‘It is not easy to live up to my father’s legacy

After playing an Army officer in ‘Mass Leader'and sporting a six pack in ‘Bhajarangi’,Shivanna returns in a brand new avatar

Hat-trick hero Shivarajkumar, fondly known as Shivanna, looks nothing like his age. The actor, well into his 50s, strongly believes that age is just a number. This belief is reflected in the kind of roles that he has been doing over the years.

The actor slipped into the role of an Army officer in ‘Mass Leader’ and later chose to play a man who wanted to bring about a change in a corrupt system in ‘Mufti’. One also saw him give out strong messages in films like ‘Tagaru’ and ‘The Villain’. 

In ‘Ayushman Bhava’, releasing in the second week of November, Shivanna plays Krishna. The film talks about why it is important to retain the joint family system.

In an exclusive interview with Showtime, Shivarajkumar talks about his upcoming release, memorable moments in his career and more.

How did director P Vasu convince you to accept ‘Ayushman Bhava’?

P Vasu and I go back a long way. Our association began with a pilgrimage to Sabarimala when I was 12 years old. Even after 30 years, we never got down to regularly doing films together. It sounded good when Vasu came up with the script of ‘Shivalinga’. He is a fantastic storyteller. I like the way he narrates the screenplay and tells the audience what I am doing in the film. Now, again after one and a half year, we have come together for ‘Ayushman Bhava’. The film was supposed to release on November 1, but due to some technical issues, we postponed it to the second week of November.

How do you relate to your character Krishna in the film?

Krishna is a very colourful character. By that, I mean, he brings out the necessary emotions required of a character. More than my character, I enjoyed the experience of working with veterans like Anant sir. He is one of the finest actors of our country. His presence alone added great quality to the film. We also have Suhasini and Prabhu essaying important roles. Rachita Ram and I have paired up for the first time. The film is a neat concoction of horror, powerful dialogues, good songs and great visuals.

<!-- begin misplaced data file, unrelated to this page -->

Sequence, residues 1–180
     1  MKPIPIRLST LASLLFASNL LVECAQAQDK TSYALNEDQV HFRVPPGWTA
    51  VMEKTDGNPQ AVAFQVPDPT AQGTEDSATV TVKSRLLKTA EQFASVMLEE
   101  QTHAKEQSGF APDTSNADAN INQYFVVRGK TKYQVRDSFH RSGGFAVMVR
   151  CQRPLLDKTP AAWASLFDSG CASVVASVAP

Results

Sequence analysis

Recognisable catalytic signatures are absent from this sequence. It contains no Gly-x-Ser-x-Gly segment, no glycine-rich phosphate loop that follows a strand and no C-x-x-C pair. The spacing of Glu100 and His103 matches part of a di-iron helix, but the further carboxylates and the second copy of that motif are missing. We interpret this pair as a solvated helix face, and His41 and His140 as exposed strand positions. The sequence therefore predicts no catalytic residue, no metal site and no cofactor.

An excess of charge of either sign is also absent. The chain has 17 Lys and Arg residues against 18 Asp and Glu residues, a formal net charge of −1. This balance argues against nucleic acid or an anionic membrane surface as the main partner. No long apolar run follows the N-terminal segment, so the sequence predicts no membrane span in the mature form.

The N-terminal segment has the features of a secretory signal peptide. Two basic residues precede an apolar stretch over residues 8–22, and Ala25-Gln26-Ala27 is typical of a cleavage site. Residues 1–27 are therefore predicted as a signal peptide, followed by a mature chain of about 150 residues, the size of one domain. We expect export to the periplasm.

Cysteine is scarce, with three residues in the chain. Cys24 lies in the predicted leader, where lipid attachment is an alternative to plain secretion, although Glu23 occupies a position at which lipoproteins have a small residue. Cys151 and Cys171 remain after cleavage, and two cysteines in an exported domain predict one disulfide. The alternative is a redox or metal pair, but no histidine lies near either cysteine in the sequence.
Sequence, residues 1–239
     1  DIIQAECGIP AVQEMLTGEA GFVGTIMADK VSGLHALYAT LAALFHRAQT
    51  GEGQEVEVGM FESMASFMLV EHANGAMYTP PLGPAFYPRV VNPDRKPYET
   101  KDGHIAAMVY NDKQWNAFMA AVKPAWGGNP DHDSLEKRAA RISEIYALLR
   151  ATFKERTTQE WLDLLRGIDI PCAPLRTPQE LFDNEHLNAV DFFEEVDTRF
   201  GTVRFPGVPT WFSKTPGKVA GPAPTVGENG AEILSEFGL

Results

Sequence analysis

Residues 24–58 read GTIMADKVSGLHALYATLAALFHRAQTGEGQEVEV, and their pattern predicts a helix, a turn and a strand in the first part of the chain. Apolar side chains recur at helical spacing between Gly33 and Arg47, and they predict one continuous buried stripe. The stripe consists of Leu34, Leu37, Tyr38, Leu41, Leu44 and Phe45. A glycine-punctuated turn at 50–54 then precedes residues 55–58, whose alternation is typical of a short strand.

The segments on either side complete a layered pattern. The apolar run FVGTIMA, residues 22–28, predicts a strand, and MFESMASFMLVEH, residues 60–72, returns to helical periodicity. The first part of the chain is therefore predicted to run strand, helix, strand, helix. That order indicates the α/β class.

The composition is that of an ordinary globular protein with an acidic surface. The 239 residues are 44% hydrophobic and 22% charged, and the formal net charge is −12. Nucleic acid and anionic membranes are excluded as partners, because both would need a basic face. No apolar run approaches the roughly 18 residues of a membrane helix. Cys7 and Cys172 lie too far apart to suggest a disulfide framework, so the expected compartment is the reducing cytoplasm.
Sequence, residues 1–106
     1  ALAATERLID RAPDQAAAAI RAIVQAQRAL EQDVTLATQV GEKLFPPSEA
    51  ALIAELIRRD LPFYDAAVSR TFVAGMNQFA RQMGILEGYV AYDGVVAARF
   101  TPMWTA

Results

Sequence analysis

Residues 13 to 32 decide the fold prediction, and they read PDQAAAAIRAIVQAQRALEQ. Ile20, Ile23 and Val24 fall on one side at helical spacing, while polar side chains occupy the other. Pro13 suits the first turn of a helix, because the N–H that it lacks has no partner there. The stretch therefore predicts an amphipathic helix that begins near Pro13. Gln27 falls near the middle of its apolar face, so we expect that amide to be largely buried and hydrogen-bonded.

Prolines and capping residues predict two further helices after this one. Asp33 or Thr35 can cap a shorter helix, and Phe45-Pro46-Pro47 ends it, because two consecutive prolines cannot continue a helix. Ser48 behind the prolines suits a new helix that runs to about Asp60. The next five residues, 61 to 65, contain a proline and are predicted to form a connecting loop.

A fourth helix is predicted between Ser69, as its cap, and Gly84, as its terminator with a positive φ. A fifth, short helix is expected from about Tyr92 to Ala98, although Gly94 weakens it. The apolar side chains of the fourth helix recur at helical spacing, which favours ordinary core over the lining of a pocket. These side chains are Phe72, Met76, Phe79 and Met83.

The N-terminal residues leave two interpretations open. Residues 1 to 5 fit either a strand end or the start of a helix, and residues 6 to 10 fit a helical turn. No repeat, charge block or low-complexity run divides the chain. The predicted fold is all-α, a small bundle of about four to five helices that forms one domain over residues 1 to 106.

How do you decide what films work for you?

Sometimes we make mistakes. When a film doesn’t do well, I don’t blame anybody. Flops must be accepted and handled in a mature way. It is only when we fall that we rise.

Is it easy to live up to your father’s legacy?

No, it’s not easy. Back in his time, there were films with social messages, history and mythology. Films like ‘Bangaarada Manushya’ and ‘Kasturi Nivasa’ are still remembered for their strong content. Films that were adapted from novels brought with them a sense of social awareness. I did a film called ‘Janumada Jodi’, based on the Gujarati novel ‘Malela Jeev.’ We tweaked it a bit and added a Kannada flavour to it by bringing in Kannada folk forms.

How has your father influenced you?

He taught us all to be good human beings first.

Tell us about your brothers’ films?

Raghavendra is great at humour and can juggle a variety of roles with a style and class of his own. Appu (Puneeth) was a super star when he was a kid, especially after he played a prominent role in ‘Bhakta Prahalada’. Today, he is both commercially and artistically a great actor. We are more like friends.

Your objections to dubbing? 

When I opposed it, some people objected to what I had said. I only wanted the interest of Kannada language to be protected. If we have to preserve Kannada and its films, then we have to work towards it. When I expressed my opinion against dubbing, 70% may have objected and 30% may have agreed. I would say that even the interest of that 30% should be protected. But today, I am proud that the Kannada film industry is doing well and is on par with other languages.

After the demise of Ambareesh, there is a vacuum in the Kannada film industry. Will you step into his shoes if you are asked to lead Sandalwood?

Nobody can take the place of my father, Ambareesh sir or Vishnuvardan sir. There are other seniors in the industry like Ravichandran sir and Anant sir. Their guidance is important. If they want me to be there, then I will certainly do so.

Message for Karnataka Rajyotsava

Today, everybody has an interest in learning a new language. It would be nice if people, especially non-Kannadigas living here could learn Kannada. It is a sign that you love and respect our culture.

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